II. Procedural History

As we rehearsed in June, this case arises as a result of the Commonwealth Court's 2013 decision holding that the PPA's regulatory fee schedule and budgeting process, codified at 53 Pa.Cons.Stat.Ann. § 5707(b), violated both the Pennsylvania and United States Constitutions. MCT Transportation Inc. v. Philadelphia Parking Authority, 60 A.3d 899, 901 (Pa. Cmwlth. 2013), aff'd 81 A.3d 813 (Pa. 2013). In the state lawsuit, six suburban taxicab companies that provide limited service in Philadelphia contended that Section 5707(b) unconstitutionally deprived them of due process in violation of the Fourteenth Amendment because the Parking Authority provided no procedures for challenging

Page 512

its annual regulatory fees, either before or after their imposition. For this and other violations, they sought equitable relief. MCT Transportation, 60 A.3d at 915-16. The Commonwealth Court agreed and held that the PPA must provide notice and a hearing " somewhere, at some stage in the proceeding, even if it be after the property itself is parted with," id. at 916 (quoting National Automobile Service Corp. v. Barfod, 289 Pa. 307, 137 A. 601, 602 (Pa. 1927)). The Court concluded that " [i]t is not the mere absence of a hearing remedy in Section 5707(b) that renders it unconstitutional. Rather, it is the bar to any relief erected by Section 5707(b) that effects the [D]ue [P]rocess violation." Id. at 917. " Because Section 5707(b) confers autocratic power upon the [PPA] to condemn property without [D]ue [P]rocess, it offends the due process provisions of the Pennsylvania and United States Constitutions." Id. at 919.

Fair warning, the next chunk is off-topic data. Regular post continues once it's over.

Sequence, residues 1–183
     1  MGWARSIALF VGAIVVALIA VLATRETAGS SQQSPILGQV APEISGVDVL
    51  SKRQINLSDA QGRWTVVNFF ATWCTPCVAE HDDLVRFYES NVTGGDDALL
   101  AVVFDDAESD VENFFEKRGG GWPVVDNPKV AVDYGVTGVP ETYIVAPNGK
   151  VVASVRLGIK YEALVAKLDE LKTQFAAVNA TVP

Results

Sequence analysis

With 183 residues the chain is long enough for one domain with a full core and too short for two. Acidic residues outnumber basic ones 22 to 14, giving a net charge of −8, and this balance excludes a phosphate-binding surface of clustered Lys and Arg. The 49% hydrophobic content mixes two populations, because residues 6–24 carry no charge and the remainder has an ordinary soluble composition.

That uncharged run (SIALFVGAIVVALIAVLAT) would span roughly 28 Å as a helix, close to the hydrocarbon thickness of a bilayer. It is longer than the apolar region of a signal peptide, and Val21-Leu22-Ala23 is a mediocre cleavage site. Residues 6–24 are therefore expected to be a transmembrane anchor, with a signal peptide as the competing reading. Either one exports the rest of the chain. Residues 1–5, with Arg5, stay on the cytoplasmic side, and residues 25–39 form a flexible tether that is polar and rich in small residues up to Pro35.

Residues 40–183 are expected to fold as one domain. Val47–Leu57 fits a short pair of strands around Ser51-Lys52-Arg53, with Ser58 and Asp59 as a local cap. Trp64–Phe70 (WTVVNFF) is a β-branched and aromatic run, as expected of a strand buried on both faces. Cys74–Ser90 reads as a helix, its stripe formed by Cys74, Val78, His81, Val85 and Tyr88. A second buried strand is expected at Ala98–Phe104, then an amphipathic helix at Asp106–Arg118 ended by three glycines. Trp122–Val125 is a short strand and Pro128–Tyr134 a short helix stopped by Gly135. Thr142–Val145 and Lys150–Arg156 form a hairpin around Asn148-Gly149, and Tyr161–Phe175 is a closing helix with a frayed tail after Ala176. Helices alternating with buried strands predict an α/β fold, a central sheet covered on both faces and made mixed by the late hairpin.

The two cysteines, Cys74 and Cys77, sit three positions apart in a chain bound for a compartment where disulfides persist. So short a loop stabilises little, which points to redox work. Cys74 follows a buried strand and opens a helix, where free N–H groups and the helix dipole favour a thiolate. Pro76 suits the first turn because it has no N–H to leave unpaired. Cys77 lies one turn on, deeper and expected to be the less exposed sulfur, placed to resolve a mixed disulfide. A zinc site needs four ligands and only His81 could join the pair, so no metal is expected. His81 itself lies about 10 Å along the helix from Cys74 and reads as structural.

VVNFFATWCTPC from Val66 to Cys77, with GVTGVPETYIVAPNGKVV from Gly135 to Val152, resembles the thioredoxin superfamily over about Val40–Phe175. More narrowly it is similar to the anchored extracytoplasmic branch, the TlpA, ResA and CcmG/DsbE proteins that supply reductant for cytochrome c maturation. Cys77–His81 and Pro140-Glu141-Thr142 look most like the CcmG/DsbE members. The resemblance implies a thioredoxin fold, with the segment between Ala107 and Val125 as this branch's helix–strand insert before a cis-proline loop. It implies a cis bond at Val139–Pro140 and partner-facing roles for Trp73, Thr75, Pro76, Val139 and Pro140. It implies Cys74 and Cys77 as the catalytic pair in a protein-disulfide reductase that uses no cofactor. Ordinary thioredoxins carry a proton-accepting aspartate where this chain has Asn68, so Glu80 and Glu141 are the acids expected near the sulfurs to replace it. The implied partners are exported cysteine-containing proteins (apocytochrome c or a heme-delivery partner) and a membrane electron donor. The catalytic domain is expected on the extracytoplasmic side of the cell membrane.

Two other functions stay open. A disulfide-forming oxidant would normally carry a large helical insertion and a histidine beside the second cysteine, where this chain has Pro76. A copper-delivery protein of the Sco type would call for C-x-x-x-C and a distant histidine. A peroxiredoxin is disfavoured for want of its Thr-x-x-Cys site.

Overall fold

On October 22, 2013, two Philadelphia medallion taxicab companies filed the present class action lawsuit pursuant to 42 U.S.C. § 1983 seeking, inter alia, a refund of all sums, with interest, paid under authority of the unconstitutional provision from 2004 to the present. Compl. at 5-6. They also sought a declaratory judgment that such fees were paid in violation of the United States Constitution and 42 U.S.C. § 1983 and must be refunded, and they moved to enjoin the PPA from collecting any more such fees. Id. at 6. On December 9, 2013 the PPA moved to dismiss, arguing that plaintiffs' claims were predicated on a retroactive application of a judicial decision and that any remedy could have only prospective application.

On June 4, 2014, we granted PPA's motion in part and denied it in part. We held that the Commonwealth Court's conclusion -- that Section 5707(b) failed to " provide any procedure for challenging the Parking Authority's fee schedule, either before or after its adoption," thereby violating the Due Process clause of the United States Constitution -- applied retroactively. See Z& R Cab LLC, 2014 WL 2518972 at *7 (quoting MCT Transportation, 60 A.3d at 916). But we also held that we may not fashion the appropriate remedy because the United States Supreme Court held that the question of remedies under such circumstances is one of state law. Id. at *8 (citing James B. Beam Distilling Co. v. Georgia, 501 U.S. 529, 535, 111 S.Ct. 2439, 115 L.Ed.2d 481 (1991) (Souter, J., announcing judgment of the Court)). The Commonwealth must provide the plaintiffs with " a fair opportunity to challenge the validity of their tax obligation and a clear and certain remedy for any erroneous or unlawful tax collection." Id. (quoting McKesson Corp. v. Division of Alcoholic Beverages and Tobacco, Dept. of Business Regulation of Florida, 496 U.S. 18, 38, 110 S.Ct. 2238, 110 L.Ed.2d 17 (1990) (internal quotation marks omitted)). Because state courts have the initial duty to determine relief, we held that we lacked subject matter jurisdiction and dismissed plaintiffs' complaint. Id. at *9.